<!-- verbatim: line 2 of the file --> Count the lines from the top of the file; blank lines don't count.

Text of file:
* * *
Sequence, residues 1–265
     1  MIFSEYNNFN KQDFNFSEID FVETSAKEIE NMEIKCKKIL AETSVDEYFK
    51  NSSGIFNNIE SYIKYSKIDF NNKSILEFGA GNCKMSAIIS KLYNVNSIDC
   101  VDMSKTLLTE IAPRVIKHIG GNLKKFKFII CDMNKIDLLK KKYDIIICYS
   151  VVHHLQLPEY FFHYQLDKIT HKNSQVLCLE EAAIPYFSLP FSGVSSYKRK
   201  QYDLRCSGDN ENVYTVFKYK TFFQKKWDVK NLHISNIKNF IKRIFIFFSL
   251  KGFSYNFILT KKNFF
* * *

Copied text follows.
     1  MIFSEYNNFN KQDFNFSEID FVETSAKEIE NMEIKCKKIL AETSVDEYFK